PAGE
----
Subscribe

YOKOSUKA NAVAL BASE, Japan — The lack of high school football games doesn’t stop Japanese from forming marching bands.

Neither did transportation budget constraints stop the Nile C. Kinnick High School’s band from marching with them this year.

Kinnick’s Red Devils Marching Band is the first American band to participate in all-Japanese competitions, according to band director Jonathan Parker.

Their next performance is Saturday’s All-Japan Marching Band and Baton Twirling Contest at the Saitama Super Arena outside Tokyo.

It will be the student-musicians’ third venture into the Japanese world of marching bands, and they are still ironing out the kinks, Parker said.

“Since we were the very first, they weren’t sure what to do with us,” he said.

The band bronze-medaled its first show, but it won’t be competing directly against Japanese bands this weekend, Parker said.

Parker and school officials are working with Japanese officials to create an international class that will allow them to compete, and until then, the band will be more of a “guest exhibition.”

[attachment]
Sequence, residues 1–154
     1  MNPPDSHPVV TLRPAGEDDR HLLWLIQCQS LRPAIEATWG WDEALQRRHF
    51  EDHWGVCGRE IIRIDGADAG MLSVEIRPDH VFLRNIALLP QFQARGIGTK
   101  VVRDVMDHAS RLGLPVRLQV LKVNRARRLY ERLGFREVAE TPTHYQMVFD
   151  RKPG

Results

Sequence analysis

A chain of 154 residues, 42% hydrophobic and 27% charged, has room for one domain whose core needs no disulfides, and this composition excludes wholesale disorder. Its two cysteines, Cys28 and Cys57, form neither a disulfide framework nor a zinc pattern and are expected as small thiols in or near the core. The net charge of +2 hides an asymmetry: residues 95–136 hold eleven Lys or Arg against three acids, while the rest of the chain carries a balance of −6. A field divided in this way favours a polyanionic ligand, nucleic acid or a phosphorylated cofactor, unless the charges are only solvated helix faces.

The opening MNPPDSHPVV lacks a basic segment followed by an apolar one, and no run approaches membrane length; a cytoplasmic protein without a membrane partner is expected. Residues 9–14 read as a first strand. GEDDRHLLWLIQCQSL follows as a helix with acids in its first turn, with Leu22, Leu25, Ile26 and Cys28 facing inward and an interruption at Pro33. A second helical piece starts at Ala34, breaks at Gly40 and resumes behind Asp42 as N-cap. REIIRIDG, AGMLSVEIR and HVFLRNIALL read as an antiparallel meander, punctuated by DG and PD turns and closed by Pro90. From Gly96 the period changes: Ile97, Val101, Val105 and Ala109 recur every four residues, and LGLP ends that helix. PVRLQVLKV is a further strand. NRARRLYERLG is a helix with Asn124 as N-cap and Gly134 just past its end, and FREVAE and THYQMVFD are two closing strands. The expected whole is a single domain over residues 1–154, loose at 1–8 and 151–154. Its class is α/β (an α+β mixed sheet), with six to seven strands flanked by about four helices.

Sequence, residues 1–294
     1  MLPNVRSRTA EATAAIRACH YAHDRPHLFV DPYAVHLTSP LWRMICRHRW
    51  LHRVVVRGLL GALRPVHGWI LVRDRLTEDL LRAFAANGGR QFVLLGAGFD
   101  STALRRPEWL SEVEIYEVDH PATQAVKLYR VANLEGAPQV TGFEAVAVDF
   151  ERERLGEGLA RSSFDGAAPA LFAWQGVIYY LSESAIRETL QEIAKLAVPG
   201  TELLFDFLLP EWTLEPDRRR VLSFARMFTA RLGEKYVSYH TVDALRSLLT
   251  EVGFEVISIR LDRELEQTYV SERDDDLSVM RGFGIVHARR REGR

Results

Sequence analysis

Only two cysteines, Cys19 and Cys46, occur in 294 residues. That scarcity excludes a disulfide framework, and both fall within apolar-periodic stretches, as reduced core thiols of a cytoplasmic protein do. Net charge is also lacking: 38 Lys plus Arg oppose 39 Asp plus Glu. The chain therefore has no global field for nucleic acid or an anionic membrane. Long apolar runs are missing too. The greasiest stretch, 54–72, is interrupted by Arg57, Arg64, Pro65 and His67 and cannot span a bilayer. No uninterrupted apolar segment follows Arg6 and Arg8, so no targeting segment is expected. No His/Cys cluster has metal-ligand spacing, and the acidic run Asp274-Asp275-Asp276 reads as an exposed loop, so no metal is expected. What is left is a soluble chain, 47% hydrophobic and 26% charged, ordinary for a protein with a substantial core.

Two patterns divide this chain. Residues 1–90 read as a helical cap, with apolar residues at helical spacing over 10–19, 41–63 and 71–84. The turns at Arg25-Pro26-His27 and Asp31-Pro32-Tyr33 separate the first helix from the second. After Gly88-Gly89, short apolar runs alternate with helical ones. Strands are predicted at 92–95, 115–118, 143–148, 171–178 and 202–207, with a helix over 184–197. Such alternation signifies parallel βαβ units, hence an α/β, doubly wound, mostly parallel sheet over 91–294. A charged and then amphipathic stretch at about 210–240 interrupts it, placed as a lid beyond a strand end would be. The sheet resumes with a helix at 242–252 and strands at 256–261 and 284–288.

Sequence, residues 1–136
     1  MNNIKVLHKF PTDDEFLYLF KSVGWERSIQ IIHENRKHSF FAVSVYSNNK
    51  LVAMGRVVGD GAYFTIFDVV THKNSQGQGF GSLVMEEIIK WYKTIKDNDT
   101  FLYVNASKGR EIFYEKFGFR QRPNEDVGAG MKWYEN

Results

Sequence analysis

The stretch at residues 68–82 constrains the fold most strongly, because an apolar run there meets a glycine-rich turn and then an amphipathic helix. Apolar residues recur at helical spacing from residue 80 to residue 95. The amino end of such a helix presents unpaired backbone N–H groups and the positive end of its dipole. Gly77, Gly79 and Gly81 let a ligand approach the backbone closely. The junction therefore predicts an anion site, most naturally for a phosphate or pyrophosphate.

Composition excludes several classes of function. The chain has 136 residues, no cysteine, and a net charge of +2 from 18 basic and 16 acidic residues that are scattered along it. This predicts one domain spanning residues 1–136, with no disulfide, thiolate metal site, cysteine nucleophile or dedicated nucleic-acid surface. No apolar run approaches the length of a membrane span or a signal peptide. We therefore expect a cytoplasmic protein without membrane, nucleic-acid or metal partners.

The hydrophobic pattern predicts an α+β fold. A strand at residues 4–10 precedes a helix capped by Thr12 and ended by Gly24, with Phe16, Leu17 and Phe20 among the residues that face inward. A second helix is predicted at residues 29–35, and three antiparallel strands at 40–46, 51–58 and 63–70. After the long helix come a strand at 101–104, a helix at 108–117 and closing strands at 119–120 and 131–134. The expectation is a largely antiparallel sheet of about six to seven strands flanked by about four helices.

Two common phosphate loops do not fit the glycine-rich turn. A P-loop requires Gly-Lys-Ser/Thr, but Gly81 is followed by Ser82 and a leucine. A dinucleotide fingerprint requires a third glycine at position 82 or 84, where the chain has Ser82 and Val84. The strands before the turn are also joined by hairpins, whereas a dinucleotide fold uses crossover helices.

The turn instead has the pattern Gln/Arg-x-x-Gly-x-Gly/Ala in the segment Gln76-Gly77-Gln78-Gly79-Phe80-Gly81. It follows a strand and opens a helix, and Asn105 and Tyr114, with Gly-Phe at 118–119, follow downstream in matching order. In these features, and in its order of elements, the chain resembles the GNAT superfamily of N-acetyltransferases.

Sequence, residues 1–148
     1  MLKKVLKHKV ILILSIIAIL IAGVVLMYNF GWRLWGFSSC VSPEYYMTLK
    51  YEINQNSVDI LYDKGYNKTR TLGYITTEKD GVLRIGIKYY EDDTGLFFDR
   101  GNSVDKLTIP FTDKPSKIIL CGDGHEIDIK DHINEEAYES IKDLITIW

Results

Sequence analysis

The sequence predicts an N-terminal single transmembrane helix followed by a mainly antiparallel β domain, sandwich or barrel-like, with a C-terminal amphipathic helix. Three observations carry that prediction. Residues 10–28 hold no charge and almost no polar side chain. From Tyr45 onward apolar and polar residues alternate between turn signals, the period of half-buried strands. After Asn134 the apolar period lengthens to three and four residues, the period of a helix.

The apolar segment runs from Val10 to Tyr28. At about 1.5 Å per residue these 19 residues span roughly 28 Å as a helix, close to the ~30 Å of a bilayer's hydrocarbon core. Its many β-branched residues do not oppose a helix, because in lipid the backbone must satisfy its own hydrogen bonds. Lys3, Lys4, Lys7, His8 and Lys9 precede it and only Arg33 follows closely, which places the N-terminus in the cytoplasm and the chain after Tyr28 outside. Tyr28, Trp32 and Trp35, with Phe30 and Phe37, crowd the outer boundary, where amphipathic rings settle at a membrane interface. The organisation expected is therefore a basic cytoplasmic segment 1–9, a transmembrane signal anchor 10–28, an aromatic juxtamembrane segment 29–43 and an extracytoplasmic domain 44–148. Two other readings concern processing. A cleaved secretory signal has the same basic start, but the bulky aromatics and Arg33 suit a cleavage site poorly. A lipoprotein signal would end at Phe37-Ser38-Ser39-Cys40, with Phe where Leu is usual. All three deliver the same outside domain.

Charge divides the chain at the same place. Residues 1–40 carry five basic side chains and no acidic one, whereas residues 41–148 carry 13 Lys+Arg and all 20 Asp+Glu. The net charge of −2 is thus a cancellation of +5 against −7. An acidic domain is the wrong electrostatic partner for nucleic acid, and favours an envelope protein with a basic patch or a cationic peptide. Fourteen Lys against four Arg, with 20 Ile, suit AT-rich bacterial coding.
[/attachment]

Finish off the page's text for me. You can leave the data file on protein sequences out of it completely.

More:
Past band directors opted to concentrate on the football games and parades, but Parker said he wanted to get the band’s 55 students out and about.

“It took a lot of work … and it’s a lot of fun,” he said. “It gives the kids a little more to shoot for and a taste of what it would be like in the United States.”

Without the influence of American football, Japanese school bands start practicing in April for competition and school assemblies.

But competitions here “are every bit as elaborate” as those in the States, Parker said.

“Marching band has changed so much in the last 20 years,” he said. “Now, going to competitions is like seeing 10 minutes of a Broadway musical.”

Kinnick’s marching band is playing a selection of contemporary jazz this year, including “Minor Case of the Blues” and “Birdland.”

The band has received a lot of support from the school, even during times of transportation budget constraints, Parker said.

Moving the band around — students, uniforms, instruments — requires two vans and two trucks, but the school “made sure they arrive” to every gig, Parker said.

The Yokosuka Music Boosters also raised $11,000 for the band this year, he said.

Saturday’s competition runs from 9 a.m. to 6 p.m. Kinnick’s showtime starts at 5:27 p.m.

Sign Up for Daily Headlines

Sign-up to receive a daily email of today’s top military news stories from Stars and Stripes and top news outlets from around the world.

Sign up